A Decrease in Temperatures Means an Increase in Risk: The Truth About Frozen Pipes

How Do Pipes Freeze and Why is it So Bad?

Water expands as it turns from liquid to solid state, taking up room that just doesn’t exist. Have you ever forgot a can of soda outside? Or a beer in the freezer? A good visual might be: a one gallon bucket of water increases by 9% in size when frozen. Brrr. If the pipes in your home are frozen, creating a blockage, pressure in the pipes will increase until release when the pipes burst. Any water that hasn’t frozen will now be entering your home. Yaaayy.

Pipes at most risk are:

  • Exposed to severe cold (pool supply lines, sprinkler lines)
  • In unheated areas of the house (crawlspace, basements, attics, garages, kitchen cabinets)
  • Along the exterior of the house and/or have little to no insulation

What Can You Do to Prevent This?

It is essential you know where your water shut off is AND how to actually shut the water off. Go now. Wait! While you’re up make sure your thermostat is above 55 degrees Fahrenheit. Keeping your house warm, especially while you aren’t home is a safety concern. Just as you wouldn’t leave a candle burning, you shouldn’t leave your house to freeze.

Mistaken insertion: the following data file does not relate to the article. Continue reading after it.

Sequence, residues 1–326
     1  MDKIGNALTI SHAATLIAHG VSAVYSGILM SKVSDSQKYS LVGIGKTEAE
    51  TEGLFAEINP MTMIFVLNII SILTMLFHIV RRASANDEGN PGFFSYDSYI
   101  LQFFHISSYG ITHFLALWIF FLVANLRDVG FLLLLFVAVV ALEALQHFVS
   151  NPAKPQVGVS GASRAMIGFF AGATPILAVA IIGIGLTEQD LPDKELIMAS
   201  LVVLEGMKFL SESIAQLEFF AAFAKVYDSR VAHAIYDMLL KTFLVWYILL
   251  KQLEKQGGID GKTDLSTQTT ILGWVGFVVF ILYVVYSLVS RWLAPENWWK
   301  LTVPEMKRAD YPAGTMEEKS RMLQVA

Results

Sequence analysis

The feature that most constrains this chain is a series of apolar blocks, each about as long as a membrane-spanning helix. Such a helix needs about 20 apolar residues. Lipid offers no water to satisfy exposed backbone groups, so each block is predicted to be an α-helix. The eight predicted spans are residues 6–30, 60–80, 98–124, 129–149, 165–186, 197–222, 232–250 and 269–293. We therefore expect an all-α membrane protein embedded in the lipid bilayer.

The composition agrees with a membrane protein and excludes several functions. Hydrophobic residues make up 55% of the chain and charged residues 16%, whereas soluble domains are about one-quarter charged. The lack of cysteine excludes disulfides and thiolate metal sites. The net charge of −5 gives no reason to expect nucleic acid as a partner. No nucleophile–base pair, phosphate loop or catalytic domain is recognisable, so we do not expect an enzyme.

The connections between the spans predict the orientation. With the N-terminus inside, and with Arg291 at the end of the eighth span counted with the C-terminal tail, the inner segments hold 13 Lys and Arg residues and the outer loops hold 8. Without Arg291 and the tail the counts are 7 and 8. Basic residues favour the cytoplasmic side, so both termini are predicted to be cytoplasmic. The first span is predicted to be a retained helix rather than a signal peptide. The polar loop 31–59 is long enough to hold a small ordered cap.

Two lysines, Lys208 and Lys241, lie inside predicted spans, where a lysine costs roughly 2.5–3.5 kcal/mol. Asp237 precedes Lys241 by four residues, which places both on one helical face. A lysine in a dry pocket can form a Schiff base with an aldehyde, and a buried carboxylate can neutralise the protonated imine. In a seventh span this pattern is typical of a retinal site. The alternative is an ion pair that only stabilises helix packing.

If the meterologist is predicting a huge cold front rolling in, and you stock on essentials for a deep freeze, keep your pipes iin mind. Leave the faucets on a steady drip, as moving water is less likely to freeze. 

You could also keep the cabinets open under your sinks, allowing warm air to circulate around the plumbing. Just be sure to remove any poisons or hazards if you have children or pets.

Additionally, use space heaters where appropriate and add insulation to cold forgotten areas of your home, such as crawlspace, basements, attics

My Pipes are Frozen, Now What?

If there is only a trickle of water flowing when you turn on the taps, your pipes are likely frozen. 

Try opening up the cabinets under sink and locate where you might believe the frozen spot is. Use a heating pad, blow dryer, or space heater to warm up the area. 

Although we shouldn’t have to mention it, we will..


Apply heat until full water pressure is restored. You’ll know the pipe has thawed once water begins flowing again.

 If you can’t access the pipe or thaw it on your own, call a licensed plumber.

It’s too Late and Now There is Water Everywhere!

If your pipes do happen to burst, first and foremost shut off your water. If necessary, you may need to shut off your electrical.

Do your best to have a licensed plumber come out and fix the pipe. Keep in mind though, that if your pipes are frozen or burst, many others will be too, and the plumbers will be busy! You may need to contact a water restoration company if you have water in your home, as a plumber doesn’t handle that.

In the meantime, grab rags and a mop and try to remove as much water as possible!